Emil is known in the chess world for his dynamic and aggressive play; he has a great feeling for the initiative and his games are full of sacrifices. When he wins, he wins in style. So it’s rather funny that in Ashdod Emil collected all of his important points in the endgame! The most impressive was his win over GM Mikhalevski in the Open Spanish, an opening in which Mikhalevski is a specialist.

Emil told me that the position had been previously reached up to White’s 16th move (Mikhalevski made his own path with 16…Rb8), but that both players had played quickly until move 25 as they were still in their preparation. Mikhalevski had trusted Fritz’s judgment that the endgame was equal, while Emil had evaluated deeper and preferred White’s chances. Emil showed good endgame technique to convert the position from simply better to a full point (in particular, watch how Emil fixes Black’s kingside pawns with h4-h5).

Going into the final round, Emil was leading by half a point, but there were many players right behind him, including his last round opponent Jan Ehlvest. To my surprise, Ehlvest, who had the Black pieces, didn’t try to win and the game was drawn in a few minutes, ensuring Emil of at least a tie for first (basically all the money lay in the first prize, so Emil didn’t have a lot of incentive to play and risk losing and winding up with nothing). Now, I know it’s not an easy task to beat an in-form GM with Black, but still, the difference between what would likely be a tie for first place and anything else was so huge that I think you had to try. If Ehlvest would’ve won, he would’ve gotten $8000, while by drawing and allowing others to catch up to Emil, he probably got not much more than $1000. In their match-up, it seemed to me like only one Emil had something to lose. Emil had been having a very good tournament, but clearly he’d feel some unpleasant pressure knowing that one stumble at the end would nullify all of his efforts.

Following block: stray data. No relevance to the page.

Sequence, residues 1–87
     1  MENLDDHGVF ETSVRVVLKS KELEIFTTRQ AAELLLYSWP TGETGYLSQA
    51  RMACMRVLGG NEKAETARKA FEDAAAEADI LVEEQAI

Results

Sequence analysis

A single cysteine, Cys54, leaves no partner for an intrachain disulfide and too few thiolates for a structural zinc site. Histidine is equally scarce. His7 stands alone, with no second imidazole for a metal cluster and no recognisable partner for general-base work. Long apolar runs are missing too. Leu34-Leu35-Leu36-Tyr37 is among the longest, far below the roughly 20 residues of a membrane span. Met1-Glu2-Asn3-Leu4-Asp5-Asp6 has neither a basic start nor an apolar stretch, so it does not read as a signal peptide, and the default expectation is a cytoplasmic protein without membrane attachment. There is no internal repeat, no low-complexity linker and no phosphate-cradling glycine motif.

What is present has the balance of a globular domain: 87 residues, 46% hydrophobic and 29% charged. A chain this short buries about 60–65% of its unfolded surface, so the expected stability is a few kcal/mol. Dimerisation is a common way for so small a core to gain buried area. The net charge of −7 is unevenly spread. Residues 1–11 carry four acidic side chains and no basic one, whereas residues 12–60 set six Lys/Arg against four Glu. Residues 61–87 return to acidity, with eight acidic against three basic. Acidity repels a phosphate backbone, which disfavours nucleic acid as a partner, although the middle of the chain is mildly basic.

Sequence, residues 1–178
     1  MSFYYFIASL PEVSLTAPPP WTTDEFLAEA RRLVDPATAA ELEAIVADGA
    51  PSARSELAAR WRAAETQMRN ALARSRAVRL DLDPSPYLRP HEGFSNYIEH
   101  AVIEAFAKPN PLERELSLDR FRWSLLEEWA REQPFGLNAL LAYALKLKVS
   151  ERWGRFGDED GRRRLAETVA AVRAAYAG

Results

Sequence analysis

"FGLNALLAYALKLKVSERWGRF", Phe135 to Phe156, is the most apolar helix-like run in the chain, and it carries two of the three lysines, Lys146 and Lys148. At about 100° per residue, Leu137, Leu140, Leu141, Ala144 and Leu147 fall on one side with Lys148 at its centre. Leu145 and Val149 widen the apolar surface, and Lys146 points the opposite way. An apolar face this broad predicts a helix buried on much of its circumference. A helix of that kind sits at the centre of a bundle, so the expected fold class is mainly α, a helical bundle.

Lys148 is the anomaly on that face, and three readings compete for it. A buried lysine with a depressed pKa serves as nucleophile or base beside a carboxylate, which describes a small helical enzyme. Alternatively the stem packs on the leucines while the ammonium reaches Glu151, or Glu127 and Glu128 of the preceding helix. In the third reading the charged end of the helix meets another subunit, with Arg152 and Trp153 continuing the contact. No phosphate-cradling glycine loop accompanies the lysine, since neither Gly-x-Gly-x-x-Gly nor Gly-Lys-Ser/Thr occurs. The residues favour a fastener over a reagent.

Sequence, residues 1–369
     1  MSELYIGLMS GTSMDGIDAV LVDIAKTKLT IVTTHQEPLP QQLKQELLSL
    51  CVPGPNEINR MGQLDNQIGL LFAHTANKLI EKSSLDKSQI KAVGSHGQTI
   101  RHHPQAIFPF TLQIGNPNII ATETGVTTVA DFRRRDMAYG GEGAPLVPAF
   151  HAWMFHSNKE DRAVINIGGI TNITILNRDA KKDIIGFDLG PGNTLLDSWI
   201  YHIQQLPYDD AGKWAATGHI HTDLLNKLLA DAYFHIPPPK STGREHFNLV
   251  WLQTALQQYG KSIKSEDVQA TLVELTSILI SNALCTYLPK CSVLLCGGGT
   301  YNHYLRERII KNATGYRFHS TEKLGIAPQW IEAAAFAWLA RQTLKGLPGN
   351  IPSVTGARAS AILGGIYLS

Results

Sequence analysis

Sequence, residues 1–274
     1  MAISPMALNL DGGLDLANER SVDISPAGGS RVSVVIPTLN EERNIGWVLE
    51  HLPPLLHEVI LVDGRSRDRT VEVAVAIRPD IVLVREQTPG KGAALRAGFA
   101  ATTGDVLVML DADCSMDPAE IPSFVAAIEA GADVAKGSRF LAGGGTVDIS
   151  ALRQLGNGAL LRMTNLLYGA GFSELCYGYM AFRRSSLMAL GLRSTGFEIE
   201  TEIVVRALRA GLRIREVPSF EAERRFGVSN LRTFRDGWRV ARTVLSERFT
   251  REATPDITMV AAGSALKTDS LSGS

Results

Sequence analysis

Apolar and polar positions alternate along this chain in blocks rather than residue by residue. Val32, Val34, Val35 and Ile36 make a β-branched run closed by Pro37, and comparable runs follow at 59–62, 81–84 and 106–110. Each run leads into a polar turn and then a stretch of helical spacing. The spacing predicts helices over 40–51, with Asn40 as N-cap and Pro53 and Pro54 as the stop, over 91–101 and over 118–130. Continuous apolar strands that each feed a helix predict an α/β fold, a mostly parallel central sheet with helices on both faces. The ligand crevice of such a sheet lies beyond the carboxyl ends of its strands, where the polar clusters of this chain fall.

Meanwhile, there were three other pairings of players with 6 out of 8 that could produce a co-winner; Rodshtein (2494)-Smirin (2659), Murey (2482) –Mikhalevski (2571), and Paveliev (2403) –Kogan (2567). An examination of these pairings reveals that there are quite large rating differences between the players, so decisive results are likely. And in fact, that’s exactly what happened: the higher rated player won, meaning that Black won in every encounter! Black is indeed OK! Thus, Israeli GM’s Smirin, Kogan, and Mikalevski joined Emil at the top of the rankings chart, but Emil took home the trophy as a result of his superior tiebreaks (he had played by far the strongest field). The final round also happened to be the day of Emil’s 29th birthday.

I was happy to leave Ashdod and get on with more sightseeing. In my last two days in Israel, I got in some shopping (bought two nice pairs of earrings), returned to the beach in Bat-Yam, and left the most packed itinerary for the day of my flight, when I drove up to Haifa with my cousin, and made a stop at the beach in Caesarea on the way back. On a Haifa bus, an old woman got on, and on her bare left arm tattooed numbers were visible, identifying her as a concentration camp survivor.

Now Irina the photographer takes over:
Irina on a day off.

Sunset in Ashdod.

An orthodox couple looking over Haifa.

Sunset in Caesarea

The Bahai Shrine in Haifa, a symbol of Haifa the way that the Twin Towers were of New York.